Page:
12. Dubberke ER, Reske KA, Olsen MA, McMullen KM, Mayfield JL, McDonald LC, et al. Evaluation of Clostridium difficile-associated disease pressure as a risk factor for C. difficile-associated disease. Arch Intern Med. 2007;167:1092–7. [PubMed]
13. McDonald LC, Killgore GE, Thompson A, Owens RC, Jr, Kazakova SV, Sambol SP, et al. An epidemic, toxin gene-variant strain of Clostridium difficile. N Engl J Med. 2005;353:2433–41. [PubMed]
14. McEllistrem MC, Carman RJ, Gerdin DN, Genheimer CW, Zheng L. A hospital outbreak of Clostridium difficile disease associated with isolates carrying binary toxin genes. Clin Infect Dis. 2005;40:265–72. [PubMed]
15. Muto CA, Pokrywka M, Shutt K, Mendelsohn AB, Nouri K, Posey K, et al. A large outbreak of Clostridium difficile-associated disease with an unexpected proportion of deaths and colectomies at a teaching hospital following increased fluoroquinolone use. Infect Control Hosp Epidemiol. 2005;26:273–80. [PubMed]
16. Warny M, Pepin J, Fang A, Killgore G, Thompson A, Brazier J, et al. Toxin production by an emerging strain of Clostridium difficile associated with outbreaks of severe disease in North America and Europe. Lancet. 2005;366:1079–84. [PubMed]
17. Simor AE, Bradley SF, Strausbaugh LJ, Crossley K, Nicolle LE. SHEA Long-Term Care Committee. Clostridium difficile in long-term care facilities for the elderly. Infect Control Hosp Epidemiol. 2002;23:696–703. [PubMed]
18. Kyne L, Merry C, O'Connell B, Keane C, O'Neill D. Community-acquired Clostridium difficile infection. J Infect. 1998;36:287–8. [PubMed]
19. Hirschhorn LR, Trnka Y, Onderdonk A, Lee ML, Platt R. Epidemiology of community-acquired Clostridium difficile-associated diarrhea. J Infect Dis. 1994;169:127–33. [PubMed]
20. Alfa MJ, Du T, Beda G. Survey of incidence of Clostridium difficile infection in Canadian hospitals and diagnostic approaches. J Clin Microbiol. 1998;36:2076–80. [PMC free article] [PubMed]
21. Barbut F, Richard A, Hamadi K, Chomette V, Burghoffer B, Petit JC. Epidemiology of recurrences or reinfections of Clostridium difficile-associated diarrhea. J Clin Microbiol. 2000;38:2386–8. [PMC free article] [PubMed]
22. Kyne L, Hamel MB, Polavaram R, Kelly CP. Health care costs and mortality associated with nosocomial diarrhea due to Clostridium difficile. Clin Infect Dis. 2002;34:346–53. [PubMed]
23. Lawrence SJ, Puzniak LA, Shadel BN, Gillespie KN, Kollef MH, Mundy LM. Clostridium difficile in the intensive care unit: epidemiology, costs, and colonization pressure. Infect Control Hosp Epidemiol. 2007;28:123–30. [PubMed]
24. Ghantoji SS, Sail K, Lairson DR, DuPont HL, Garey KW. Economic healthcare costs of Clostridium difficile infection: a systematic review. J Hosp Infect. 2010;74:309–18. [PubMed]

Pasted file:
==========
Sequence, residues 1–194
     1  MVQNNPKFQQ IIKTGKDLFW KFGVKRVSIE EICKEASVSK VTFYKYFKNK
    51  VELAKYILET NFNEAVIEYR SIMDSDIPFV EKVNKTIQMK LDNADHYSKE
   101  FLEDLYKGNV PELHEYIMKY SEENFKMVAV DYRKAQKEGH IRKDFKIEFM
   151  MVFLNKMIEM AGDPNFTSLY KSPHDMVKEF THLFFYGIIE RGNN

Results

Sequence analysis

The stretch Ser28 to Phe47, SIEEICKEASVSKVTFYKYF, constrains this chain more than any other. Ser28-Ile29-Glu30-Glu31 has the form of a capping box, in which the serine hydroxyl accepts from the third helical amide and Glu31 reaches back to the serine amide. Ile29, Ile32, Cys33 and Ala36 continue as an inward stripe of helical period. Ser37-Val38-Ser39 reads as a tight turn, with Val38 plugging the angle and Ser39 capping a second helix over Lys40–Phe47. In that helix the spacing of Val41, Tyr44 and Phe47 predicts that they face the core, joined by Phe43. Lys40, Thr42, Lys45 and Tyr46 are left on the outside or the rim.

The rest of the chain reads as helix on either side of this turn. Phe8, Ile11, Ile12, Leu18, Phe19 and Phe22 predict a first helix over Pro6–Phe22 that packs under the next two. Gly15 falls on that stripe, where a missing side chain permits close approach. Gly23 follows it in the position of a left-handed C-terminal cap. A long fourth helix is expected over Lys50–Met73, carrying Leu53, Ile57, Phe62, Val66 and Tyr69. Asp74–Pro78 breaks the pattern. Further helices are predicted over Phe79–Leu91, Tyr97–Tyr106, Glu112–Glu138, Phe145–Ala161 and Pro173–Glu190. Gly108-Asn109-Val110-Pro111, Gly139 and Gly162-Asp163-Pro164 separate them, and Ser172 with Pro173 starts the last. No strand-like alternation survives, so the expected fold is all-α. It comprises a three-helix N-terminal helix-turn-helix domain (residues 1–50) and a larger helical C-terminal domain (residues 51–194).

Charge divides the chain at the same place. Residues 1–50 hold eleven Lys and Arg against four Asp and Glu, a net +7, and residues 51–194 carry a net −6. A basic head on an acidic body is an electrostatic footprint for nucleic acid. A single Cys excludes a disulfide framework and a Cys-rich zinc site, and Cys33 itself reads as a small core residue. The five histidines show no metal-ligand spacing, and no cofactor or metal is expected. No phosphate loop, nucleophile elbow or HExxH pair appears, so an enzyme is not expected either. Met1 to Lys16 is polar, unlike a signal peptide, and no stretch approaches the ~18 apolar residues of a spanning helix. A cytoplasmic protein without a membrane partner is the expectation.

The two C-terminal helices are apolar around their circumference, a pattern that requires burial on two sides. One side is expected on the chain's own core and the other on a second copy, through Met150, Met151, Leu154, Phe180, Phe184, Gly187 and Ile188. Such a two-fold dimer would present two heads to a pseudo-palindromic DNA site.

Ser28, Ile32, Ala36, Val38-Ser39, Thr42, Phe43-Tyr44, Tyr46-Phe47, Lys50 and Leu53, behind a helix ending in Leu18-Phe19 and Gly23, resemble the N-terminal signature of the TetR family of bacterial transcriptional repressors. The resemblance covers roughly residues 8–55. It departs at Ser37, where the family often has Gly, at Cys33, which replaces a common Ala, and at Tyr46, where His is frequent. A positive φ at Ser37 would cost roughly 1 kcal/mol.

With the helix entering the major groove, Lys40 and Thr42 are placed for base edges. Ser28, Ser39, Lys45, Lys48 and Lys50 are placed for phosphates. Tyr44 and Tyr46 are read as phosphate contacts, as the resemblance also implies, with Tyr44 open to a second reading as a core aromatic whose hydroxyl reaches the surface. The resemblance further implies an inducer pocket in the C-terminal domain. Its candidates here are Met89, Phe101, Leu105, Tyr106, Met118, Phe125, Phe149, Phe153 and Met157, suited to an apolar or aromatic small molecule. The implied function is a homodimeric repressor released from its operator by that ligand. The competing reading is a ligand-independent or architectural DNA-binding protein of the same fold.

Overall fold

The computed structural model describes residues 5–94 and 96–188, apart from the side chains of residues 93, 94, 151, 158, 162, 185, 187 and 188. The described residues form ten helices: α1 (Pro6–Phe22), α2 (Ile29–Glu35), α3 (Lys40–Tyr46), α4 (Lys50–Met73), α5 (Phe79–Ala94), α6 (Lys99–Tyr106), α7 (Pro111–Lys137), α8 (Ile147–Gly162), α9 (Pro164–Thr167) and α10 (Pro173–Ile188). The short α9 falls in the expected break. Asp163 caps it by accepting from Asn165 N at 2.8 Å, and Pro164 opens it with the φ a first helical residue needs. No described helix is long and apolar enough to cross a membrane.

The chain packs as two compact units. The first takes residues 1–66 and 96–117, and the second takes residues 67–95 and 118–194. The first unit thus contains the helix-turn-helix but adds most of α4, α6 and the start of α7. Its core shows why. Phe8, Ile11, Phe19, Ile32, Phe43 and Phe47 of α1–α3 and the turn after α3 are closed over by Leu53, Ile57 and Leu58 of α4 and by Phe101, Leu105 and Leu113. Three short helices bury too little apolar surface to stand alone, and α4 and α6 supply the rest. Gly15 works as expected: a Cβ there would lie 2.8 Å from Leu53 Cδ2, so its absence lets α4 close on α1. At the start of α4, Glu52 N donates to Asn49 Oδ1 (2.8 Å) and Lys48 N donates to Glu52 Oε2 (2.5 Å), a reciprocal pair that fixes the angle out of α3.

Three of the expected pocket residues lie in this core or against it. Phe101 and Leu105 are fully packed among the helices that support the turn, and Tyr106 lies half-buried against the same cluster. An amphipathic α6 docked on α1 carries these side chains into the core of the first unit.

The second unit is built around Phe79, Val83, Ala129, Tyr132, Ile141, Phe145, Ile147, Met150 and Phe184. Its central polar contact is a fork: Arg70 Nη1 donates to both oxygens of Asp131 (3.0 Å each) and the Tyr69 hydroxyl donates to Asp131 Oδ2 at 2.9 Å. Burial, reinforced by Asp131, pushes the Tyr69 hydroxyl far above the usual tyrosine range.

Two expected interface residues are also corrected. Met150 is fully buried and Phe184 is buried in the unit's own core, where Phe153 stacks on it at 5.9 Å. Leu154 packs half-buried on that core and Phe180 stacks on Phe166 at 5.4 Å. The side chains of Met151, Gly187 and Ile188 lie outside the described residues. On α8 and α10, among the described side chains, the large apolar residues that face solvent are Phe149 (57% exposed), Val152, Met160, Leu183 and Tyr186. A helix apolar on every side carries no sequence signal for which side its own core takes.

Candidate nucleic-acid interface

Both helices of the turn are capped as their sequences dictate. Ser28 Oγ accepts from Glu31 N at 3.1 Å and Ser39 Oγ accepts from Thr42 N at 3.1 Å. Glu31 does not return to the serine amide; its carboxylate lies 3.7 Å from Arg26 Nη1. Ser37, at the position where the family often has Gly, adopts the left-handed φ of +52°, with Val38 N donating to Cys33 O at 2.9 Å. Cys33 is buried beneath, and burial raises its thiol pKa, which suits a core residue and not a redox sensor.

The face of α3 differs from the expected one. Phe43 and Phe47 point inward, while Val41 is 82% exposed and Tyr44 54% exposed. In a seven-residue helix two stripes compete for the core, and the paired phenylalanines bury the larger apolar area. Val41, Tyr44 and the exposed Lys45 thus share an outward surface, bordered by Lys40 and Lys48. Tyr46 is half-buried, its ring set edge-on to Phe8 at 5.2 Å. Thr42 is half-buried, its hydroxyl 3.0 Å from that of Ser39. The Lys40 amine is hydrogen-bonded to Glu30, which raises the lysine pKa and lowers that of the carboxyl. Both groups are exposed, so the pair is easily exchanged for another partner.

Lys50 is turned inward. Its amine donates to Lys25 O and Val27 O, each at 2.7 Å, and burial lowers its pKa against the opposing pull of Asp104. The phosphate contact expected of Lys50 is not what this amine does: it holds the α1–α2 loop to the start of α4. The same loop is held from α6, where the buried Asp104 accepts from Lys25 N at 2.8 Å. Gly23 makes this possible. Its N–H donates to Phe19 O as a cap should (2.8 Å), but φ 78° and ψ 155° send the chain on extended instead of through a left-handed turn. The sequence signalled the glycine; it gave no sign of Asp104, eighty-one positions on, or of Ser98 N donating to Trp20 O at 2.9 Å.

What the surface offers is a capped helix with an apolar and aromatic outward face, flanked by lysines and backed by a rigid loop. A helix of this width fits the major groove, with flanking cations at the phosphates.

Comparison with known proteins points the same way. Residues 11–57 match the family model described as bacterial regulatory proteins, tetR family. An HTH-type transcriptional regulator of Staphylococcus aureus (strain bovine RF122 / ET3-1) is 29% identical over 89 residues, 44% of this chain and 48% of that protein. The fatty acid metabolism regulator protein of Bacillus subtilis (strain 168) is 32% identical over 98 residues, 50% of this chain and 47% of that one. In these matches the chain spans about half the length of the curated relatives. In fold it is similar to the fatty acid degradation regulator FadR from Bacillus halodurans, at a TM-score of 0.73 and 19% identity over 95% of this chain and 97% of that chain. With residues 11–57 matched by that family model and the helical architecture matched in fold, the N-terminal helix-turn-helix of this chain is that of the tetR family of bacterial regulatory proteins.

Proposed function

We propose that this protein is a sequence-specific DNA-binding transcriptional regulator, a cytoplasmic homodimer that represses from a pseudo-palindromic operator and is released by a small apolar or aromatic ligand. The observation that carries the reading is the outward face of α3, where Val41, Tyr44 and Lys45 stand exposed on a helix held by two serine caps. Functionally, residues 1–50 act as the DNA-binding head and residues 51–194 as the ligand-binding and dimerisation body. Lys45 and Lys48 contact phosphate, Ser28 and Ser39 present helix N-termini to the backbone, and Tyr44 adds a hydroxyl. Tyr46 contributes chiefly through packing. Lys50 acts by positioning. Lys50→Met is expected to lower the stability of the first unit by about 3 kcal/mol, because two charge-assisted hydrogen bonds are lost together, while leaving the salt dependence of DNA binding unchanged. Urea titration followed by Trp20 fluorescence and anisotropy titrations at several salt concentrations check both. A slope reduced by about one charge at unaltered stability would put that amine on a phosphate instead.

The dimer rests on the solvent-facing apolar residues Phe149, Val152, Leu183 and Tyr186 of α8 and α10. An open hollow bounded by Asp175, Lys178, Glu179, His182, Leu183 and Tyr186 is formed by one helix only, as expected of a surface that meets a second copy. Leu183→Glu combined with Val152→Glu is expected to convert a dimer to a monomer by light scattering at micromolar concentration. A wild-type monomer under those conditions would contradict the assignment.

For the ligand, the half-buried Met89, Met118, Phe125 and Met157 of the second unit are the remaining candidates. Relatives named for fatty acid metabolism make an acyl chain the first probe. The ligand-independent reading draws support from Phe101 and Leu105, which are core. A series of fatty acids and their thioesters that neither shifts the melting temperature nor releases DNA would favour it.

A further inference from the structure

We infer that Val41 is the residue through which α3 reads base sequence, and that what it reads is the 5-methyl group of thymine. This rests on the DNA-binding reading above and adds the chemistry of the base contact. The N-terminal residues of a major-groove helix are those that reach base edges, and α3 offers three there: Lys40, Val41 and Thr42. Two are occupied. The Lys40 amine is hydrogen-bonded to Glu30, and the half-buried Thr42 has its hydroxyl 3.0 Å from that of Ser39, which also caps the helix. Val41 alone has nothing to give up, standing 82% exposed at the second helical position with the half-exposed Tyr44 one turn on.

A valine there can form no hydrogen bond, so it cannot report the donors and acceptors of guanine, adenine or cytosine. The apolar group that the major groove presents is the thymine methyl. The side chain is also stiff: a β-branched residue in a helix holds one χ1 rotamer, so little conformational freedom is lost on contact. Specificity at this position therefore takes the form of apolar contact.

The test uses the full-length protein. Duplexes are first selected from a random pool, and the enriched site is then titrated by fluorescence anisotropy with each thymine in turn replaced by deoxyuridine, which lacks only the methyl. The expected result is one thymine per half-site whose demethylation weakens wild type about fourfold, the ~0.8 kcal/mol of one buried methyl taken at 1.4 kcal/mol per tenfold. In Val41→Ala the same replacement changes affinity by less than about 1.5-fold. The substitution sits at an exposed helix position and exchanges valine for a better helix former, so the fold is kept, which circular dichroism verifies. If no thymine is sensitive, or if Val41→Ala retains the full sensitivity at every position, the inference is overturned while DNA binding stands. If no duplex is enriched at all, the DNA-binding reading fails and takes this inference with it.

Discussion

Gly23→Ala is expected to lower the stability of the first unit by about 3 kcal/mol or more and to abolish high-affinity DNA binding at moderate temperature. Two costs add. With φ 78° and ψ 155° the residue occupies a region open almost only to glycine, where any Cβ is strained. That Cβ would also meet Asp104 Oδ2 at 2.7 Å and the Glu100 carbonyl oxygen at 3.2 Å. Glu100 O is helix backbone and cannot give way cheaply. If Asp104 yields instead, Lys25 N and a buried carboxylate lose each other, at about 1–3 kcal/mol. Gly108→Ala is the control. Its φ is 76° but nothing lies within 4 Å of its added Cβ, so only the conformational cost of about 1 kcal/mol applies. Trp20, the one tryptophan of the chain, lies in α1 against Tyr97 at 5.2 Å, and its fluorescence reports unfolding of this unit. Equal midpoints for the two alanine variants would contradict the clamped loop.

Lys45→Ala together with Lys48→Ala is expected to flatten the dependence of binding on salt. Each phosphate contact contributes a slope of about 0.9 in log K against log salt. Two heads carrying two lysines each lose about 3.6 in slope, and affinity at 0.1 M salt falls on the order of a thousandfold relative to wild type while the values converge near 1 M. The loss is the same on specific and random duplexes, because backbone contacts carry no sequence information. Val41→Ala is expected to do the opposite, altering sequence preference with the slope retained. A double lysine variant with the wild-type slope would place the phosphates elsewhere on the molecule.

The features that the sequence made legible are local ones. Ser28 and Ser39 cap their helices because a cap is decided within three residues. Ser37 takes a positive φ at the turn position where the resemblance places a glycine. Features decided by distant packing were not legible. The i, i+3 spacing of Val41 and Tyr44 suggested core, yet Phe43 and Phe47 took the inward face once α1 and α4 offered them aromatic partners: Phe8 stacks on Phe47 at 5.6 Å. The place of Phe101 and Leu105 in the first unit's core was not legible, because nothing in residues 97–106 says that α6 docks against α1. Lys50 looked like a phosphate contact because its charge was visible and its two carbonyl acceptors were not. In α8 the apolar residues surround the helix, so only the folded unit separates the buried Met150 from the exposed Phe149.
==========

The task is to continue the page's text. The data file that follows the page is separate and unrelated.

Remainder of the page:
25. Dubberke ER, Reske KA, Olsen MA, McDonald LC, Fraser VJ. Short- and long-term attributable costs of Clostridium difficile-associated disease in nonsurgical inpatients. Clin Infect Dis. 2008;46:497–504. [PubMed]
26. Frost F, Craun GF, Calderon RL. Increasing hospitalization and death possibly due to Clostridium difficile diarrheal disease. Emerg Infect Dis. 1998;4:619–25. [PMC free article] [PubMed]
27. Pépin J, Valiquette L, Alary ME, Villemure P, Pelletier A, Forget K, et al. Clostridium difficile-associated diarrhea in a region of Quebec from 1991 to 2003: a changing pattern of disease severity. CMAJ. 2004;171:466–72. [PMC free article] [PubMed]
28. Redelings MD, Sorvillo F, Mascola L. Increase in Clostridium difficile-related mortality rates, United States, 1999–2004. Emerg Infect Dis. 2007;13:1417–9. [PMC free article] [PubMed]
29. Zilberberg MD, Shorr AF, Kollef MH. Increase in adult Clostridium difficile-related hospitalizations and case-fatality in the U.S., 2000–2005. Emerg Infec Dis. 2008;14:929–31. [PMC free article] [PubMed]
30. Charlson ME, Ponpei P, Ales KL, MacKenzie CR. A new method of classifying prognostic comorbidity in longitudinal studies: development and validation. J Chronic Dis. 1987;40:373–83. [PubMed]
31. Deyo RA, Cherkin DC, Ciol MA. Adapting a clinical comorbidity index for use with ICD-9-CM administrative databases. J Clin Epidemiol. 1992;45:613–9. [PubMed]
32. SAS Institute, Inc. Cary (NC): SAS Institute, Inc.; 2006. SAS®: Version 9.1.
33. Elixhauser A, Jhung M. Rockville (MD): Agency for Healthcare Research and Quality (US); 2008. [cited 2010 Jan 4]. Clostridium difficile-associated disease in U.S. hospitals, 1993–2005. Healthcare Cost and Utilization Project statistical brief #50. Also available from: URL: http://www.hcup-us.ahrq.gov/reports/statbriefs/sb50.pdf.
34. Fowler S, Webber A, Cooper BS, Phimister A, Price K, Carter Y, et al. Successful use of feedback to improve antibiotic prescribing and reduce Clostridium difficile infection: a controlled interrupted time series. J Antimicrob Chemother. 2007;59:990–5. [PubMed]
35. Hsu J, Abad C, Dihn M, Safdar N. Prevention of endemic healthcare-associated Clostridium difficile infection: reviewing the evidence. Am J Gastroenterol. 2010;105:2327–39. [PubMed]
36. Oughton MT, Loo VG, Dendukuri N, Fenn S, Libman M. Hand hygiene with soap and water is superior to alcohol rub and antiseptic wipes for removal of Clostridium difficile. Infect Control Hosp Epidemiol. 2009;30:939–44. [PubMed]
37. Mayfield JL, Leet T, Miller J, Mundy LM. Environmental control to reduce transmission of Clostridium difficile. Clin Infect Dis. 2000;31:995–1000. [PubMed]
38. Venuto C, Butler M, Ashley ED, Brown J. Alternative therapies for Clostridium difficile infections. Pharmacotherapy. 2010;30:1266–78. [PubMed]
39. Yoon SS, Brandt LJ. Treatment of refractory/recurrent C. difficile-associated disease by donated stool transplanted via colonoscopy: a case series of 12 patients. J Clin Gastroenterol. 2010;44:562–6. [PubMed]
40. Scheurer DB, Hicks LS, Cook EF, Schnipper JL. Accuracy of ICD-9 coding for Clostridium difficile infections: a retrospective cohort. Epidemiol Infect. 2007;135:1010–3. [PubMed]
41. Dubberke ER, Reske KA, McDonald LC, Fraser VJ. ICD-9 codes and surveillance for Clostridium difficile-associated disease. Emerg Infect Dis. 2006;12:1576–9. [PMC free article] [PubMed]
Articles from Public Health Reports are provided here courtesy of
Association of Schools of Public Health